I know that this thread is a little "stale," but I do have something to add to it--so far not mentioned by anyone else--so here goes.
1. I'm in Canada and I spoke to the Abbot of Birken Forest Monastery in Kamloops: Ajahn Sona, Thai Forest Tradtion. He informed me that as this monastery, the "cut-off age is 45." He was quick to add that it 'has to do with demographics." He didn't elablorate and I didn't puruse it, but I surmise it has to do with Dana. There's not a lot of lay support yet in Canada to support many monks, so perhaps he's concerned to see that support go to candidates with . . . more potential? I don't know. Anyway he suggested that if I wanted to go forth I should go to IMF in Thailand.
2. I once heard Ajahn Jayasaro speaking to a friend of mine who is perhaps 63 ish, and asking him if he hadn't thought of ordaining. My friend said that he thought we was too old. The Ajahn smiled and said: "you seem reasonably healthy..," and he more or less encouraged him to consider it, and put forth both Thailand and Sri Lanka as possibilities.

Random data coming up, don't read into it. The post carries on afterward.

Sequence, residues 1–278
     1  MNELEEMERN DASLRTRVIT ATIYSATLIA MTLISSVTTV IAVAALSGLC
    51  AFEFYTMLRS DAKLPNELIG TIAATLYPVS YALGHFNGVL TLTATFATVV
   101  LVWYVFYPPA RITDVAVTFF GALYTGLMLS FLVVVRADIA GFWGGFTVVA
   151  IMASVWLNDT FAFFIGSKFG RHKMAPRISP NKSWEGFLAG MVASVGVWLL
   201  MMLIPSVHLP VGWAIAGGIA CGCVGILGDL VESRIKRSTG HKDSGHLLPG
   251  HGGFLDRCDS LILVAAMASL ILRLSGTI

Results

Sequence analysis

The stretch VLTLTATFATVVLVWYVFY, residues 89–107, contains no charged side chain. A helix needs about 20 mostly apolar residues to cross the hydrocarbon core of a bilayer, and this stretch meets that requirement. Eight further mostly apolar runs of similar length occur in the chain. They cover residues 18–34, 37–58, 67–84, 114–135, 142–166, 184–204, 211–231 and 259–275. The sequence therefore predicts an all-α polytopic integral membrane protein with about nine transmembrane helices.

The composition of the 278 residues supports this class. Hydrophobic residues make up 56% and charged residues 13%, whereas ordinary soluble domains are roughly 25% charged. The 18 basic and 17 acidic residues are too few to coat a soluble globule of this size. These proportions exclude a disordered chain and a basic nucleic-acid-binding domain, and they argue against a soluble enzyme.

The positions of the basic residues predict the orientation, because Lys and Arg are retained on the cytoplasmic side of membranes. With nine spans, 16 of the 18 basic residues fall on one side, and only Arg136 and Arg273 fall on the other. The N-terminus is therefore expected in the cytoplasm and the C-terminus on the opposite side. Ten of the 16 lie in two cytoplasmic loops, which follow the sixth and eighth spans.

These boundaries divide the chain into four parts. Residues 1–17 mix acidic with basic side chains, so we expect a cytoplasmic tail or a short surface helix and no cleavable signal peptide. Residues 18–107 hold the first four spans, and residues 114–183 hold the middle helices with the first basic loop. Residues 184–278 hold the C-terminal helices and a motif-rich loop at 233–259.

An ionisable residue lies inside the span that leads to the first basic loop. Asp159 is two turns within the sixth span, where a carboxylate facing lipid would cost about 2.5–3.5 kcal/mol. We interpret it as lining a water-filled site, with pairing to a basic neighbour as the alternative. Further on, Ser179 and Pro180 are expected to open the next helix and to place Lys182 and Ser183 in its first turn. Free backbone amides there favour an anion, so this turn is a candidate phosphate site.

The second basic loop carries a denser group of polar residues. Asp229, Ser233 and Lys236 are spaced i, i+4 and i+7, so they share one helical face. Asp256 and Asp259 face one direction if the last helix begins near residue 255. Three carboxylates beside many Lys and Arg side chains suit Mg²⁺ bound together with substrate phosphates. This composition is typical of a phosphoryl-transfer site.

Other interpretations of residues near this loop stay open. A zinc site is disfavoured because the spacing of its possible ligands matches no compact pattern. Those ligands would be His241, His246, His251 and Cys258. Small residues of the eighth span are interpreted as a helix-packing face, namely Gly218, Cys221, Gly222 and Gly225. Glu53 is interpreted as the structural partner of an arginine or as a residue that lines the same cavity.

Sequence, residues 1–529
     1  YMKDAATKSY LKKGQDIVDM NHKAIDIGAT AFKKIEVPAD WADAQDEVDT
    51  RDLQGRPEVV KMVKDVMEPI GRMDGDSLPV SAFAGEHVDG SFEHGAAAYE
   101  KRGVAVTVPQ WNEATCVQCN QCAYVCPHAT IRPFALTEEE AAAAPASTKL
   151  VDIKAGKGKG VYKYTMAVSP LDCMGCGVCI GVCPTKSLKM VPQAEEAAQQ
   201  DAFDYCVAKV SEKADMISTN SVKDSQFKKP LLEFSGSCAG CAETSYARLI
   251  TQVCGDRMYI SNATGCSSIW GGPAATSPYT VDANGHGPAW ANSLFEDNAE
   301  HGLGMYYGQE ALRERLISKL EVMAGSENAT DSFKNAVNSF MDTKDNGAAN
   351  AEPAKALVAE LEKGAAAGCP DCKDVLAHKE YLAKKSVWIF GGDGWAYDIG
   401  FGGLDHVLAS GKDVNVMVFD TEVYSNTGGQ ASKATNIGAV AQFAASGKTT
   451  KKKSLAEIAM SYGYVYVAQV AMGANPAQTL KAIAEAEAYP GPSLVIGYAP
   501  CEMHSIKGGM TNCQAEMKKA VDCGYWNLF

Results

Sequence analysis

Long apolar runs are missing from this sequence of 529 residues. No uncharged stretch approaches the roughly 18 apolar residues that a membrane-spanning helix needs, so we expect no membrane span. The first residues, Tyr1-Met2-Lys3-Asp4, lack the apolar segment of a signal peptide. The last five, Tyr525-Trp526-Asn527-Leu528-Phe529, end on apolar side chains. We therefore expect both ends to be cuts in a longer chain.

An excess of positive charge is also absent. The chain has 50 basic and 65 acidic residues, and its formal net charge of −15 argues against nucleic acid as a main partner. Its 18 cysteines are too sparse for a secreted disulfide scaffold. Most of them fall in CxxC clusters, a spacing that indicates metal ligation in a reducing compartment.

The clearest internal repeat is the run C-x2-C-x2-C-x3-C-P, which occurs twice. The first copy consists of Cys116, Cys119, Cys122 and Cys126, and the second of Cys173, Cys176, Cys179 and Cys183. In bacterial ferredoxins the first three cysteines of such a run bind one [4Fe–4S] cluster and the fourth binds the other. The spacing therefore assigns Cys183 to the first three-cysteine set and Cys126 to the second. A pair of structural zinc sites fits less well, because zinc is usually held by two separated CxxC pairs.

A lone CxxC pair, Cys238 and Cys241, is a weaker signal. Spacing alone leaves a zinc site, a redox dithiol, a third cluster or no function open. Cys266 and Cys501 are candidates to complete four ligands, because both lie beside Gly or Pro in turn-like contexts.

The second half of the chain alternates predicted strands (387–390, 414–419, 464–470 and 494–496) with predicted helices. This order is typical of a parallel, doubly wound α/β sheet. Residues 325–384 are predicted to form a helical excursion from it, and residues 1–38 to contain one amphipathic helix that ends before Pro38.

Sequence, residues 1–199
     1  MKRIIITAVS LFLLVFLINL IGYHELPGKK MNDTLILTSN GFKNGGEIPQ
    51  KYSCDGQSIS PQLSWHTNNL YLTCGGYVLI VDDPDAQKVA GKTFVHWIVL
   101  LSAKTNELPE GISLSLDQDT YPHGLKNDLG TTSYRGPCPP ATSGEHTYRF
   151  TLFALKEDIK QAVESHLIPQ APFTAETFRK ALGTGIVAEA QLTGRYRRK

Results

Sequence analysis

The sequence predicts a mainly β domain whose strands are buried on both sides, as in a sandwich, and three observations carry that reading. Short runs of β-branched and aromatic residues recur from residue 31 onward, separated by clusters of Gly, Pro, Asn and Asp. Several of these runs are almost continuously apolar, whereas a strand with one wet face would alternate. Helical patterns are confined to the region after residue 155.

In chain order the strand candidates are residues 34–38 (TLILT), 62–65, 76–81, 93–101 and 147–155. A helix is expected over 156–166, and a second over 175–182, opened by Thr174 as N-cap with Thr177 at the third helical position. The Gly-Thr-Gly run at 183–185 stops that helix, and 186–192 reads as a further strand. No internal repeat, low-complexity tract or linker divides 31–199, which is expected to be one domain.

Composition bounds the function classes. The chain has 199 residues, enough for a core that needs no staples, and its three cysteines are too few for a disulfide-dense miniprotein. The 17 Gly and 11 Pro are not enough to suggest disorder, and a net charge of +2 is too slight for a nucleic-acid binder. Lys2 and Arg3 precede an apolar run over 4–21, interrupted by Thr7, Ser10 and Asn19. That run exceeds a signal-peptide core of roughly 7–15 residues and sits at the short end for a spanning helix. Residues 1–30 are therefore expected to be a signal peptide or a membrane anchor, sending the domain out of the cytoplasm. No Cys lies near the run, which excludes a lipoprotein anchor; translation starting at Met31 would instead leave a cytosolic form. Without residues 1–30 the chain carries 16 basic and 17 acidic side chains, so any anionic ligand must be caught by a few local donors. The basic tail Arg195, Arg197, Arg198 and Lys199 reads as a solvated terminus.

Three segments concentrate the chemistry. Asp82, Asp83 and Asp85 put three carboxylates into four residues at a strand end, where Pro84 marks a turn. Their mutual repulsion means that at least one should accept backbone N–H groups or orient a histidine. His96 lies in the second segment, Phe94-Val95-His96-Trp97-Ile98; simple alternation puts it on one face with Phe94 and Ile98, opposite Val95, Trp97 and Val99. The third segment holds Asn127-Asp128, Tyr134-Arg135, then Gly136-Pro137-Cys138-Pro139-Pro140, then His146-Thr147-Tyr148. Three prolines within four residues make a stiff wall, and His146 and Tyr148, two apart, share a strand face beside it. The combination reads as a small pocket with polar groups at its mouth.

3. One monastic in the UK I was communicating with by email echoed that 45 is the age in the West.
So, there is a cut-off age in at least one Canadian monastery. That seems to be a broader limitation across much or all of the West. There is no cut-off age in Thailand or Sri Lanka.
The question I wonder at is: ok, so ordination at 53 (my age) in parts of Asia is a possibility--it's not excluded by rules or convention. But how "realistic" is it setting forth at my age? I'm seriously considering it since my family is mature and can spare me now, and since materially there would be no hardship. As it stands, I'm a teacher in a technical school with a pretty sweet opportunity for intensive summer practice during the 9 weeks annual vacation, then there's time off at Christmas, time off at spring break. The work isn't too demanding since I teach more or less the same courses each year, and it leaves enough time and energy for several hours of sitting each day. Yet the idea of going forth really, really appeals to me, and if the Buddha hadn't thought it was of value he wouldn't have recommended it. At the same time my present circumstances are pretty good, and I could move ahead as an 8 precept upasika with fairly generous--for lay life--opportunities for daily and extended practice. If I were 23, the answer would be clear, and I'd definitely go to Sri Lanka. But at 53, one is already grappling with decline to some degree, and materially there's no recovery time left if one goes forth and it's not what one thought it would be.
Aya Khema ordained at 54. But she returned to the West eventually. It seems that most do, doesn't it? Does anyone know of others who have ordained so late in life?
Friends, have you any thoughts? concerns? heckles? . . . moans?